I’ve mentioned here before that I use tagged addresses whenever I sign up for. This does help me mentally sort out what’s real spam and what’s just mail I’ve forgotten I’ve signed up for.
Yesterday, I received and email from e-fense.com thanking me for my interest in their new product. The mail came to a tagged address, but not a tag that I would have given to e-fense.com. Their opening paragraph said:
First of all, thank you for your interest regarding e-fense and our family of products…
The family of products in question appears to be security and forensics tools. Not something I would sign up to receive information about. The tagged email address points to the eventbee.com website. I don’t have any other email to the address I gave to eventbee. So I’m not sure who this company is or why they think I signed up to receive mail from them.
In all likelihood this is just some marketer being stupid. I vaguely remember signing up for something at eventbee recently, although I don’t remember what it is, or if e-fense was related to it. After a little investigation, I come to the conclusion this is a stupid marketer that has access to event signup data and added all those email addresses to their mailing list.
I’m willing to give the company the benefit of the doubt so instead of sending a complaint or anything I decide to send them email. I notice the first problem: the visible email address in the footer has a different email address in the mailto: link. I decide to send my question to both addresses, just to be sure it gets to someone who can answer my question. I sent:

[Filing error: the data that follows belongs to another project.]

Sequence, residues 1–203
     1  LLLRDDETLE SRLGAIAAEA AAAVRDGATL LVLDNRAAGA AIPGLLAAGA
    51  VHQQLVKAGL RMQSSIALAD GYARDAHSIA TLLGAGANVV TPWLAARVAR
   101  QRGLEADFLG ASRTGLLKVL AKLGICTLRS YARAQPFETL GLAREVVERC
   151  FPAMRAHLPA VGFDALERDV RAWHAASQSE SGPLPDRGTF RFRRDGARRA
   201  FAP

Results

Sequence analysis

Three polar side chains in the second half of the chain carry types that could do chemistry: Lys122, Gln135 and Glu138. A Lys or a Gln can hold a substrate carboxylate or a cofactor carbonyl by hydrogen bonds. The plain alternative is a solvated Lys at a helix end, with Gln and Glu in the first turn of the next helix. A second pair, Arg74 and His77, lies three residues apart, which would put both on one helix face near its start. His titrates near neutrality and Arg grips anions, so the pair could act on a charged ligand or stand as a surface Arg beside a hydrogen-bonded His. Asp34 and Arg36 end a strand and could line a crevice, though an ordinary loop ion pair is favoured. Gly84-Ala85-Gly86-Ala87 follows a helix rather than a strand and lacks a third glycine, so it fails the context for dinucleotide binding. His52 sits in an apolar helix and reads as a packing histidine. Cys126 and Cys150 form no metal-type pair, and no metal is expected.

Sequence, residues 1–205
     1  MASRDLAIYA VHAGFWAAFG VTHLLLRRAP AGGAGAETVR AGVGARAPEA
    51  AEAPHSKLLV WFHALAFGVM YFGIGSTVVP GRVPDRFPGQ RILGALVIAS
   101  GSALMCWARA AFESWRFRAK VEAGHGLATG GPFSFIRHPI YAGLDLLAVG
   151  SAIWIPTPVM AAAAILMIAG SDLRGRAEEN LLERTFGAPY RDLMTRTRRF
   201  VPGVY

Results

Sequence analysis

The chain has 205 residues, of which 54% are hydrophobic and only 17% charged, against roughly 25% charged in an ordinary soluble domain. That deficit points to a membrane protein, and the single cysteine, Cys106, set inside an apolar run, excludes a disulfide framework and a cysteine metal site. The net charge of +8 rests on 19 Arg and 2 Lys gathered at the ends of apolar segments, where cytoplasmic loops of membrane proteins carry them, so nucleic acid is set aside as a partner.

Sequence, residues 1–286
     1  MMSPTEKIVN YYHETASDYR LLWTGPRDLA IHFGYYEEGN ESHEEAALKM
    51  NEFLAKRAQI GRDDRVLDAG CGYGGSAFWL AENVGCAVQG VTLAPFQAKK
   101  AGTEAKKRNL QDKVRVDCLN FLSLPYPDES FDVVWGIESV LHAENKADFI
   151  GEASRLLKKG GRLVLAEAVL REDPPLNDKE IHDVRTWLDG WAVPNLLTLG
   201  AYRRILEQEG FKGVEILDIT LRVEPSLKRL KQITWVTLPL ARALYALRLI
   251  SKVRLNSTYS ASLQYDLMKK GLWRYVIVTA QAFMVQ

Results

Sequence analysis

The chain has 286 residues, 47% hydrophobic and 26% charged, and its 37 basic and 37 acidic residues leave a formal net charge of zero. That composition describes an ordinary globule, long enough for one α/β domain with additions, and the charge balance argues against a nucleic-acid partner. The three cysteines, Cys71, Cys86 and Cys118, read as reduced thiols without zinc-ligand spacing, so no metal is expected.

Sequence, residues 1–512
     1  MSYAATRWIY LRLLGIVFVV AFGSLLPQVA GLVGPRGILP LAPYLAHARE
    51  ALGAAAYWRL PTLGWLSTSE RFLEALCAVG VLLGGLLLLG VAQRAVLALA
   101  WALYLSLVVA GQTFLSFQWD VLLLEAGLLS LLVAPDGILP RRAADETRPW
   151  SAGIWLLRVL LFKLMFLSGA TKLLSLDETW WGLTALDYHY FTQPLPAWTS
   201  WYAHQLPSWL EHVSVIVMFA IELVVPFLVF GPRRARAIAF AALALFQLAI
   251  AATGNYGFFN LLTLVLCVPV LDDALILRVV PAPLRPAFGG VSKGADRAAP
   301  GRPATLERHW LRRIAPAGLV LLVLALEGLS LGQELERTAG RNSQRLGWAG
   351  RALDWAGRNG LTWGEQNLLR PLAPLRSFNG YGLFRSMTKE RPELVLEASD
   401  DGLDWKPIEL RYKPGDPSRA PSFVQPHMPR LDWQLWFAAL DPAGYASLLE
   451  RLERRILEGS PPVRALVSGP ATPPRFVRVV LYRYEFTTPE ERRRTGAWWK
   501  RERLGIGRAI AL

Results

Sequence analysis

Can you tell me what your connection to eventbee is and where you got the email address laura-eventbeeCF at mydomain.com
I discover a second problem. The address in the mailto: link doesn’t exist. The other address seems to have delivered, but I have yet to receive a response from Mr. Vinall. That’s OK, I wasn’t necessarily expecting a response right away.
Then today, I discovered a third problem. They’ve moved to an ESP and are sending out more marketing mail. Daily mail from a sender I never subscribed to? Not good. Daily mail from a sender I never requested email from claiming I signed up to their list? Even worse. I’ve dropped an email to abuse@ the ESP and already gotten a reply. If they are enforcing their policies as their response to me says, then I expect not to hear from them again.
I’ve been around long enough, and I’m willing to cut both the company and the ESP a little slack. But, most normal people would have hit “this is spam” when receiving this mail. In fact, I say email that starts with “thank you for your interest” in a product I’ve never heard of from a company I don’t recognize is clearly spam.
Could this have been handled better? Absolutely.
How would I advise a client to do this better?
Send a shorter email introducing your company to the recipient, tell them why they’re receiving this email and offer them the opportunity to subscribe to your newsletters.
Hi, this is e-fense. You recently signed up for an event at the santa clara convention center. We’d like the opportunity to introduce our products and our company to you. We offer product that does insert product functionality here. If you’d like more information about our company, please visit our website at URL here. If you would like to receive our newsletters in the future please click here to subscribe.
See? Now I know why you’re emailing me. I can look at your product, I can visit your website. I can subscribe to receive your newsletter. Sure, some people might still report the mail as spam, but a lot fewer people will do it now than when you started off unexpected, unwanted and unasked for email with “thank you for your interest in our product…”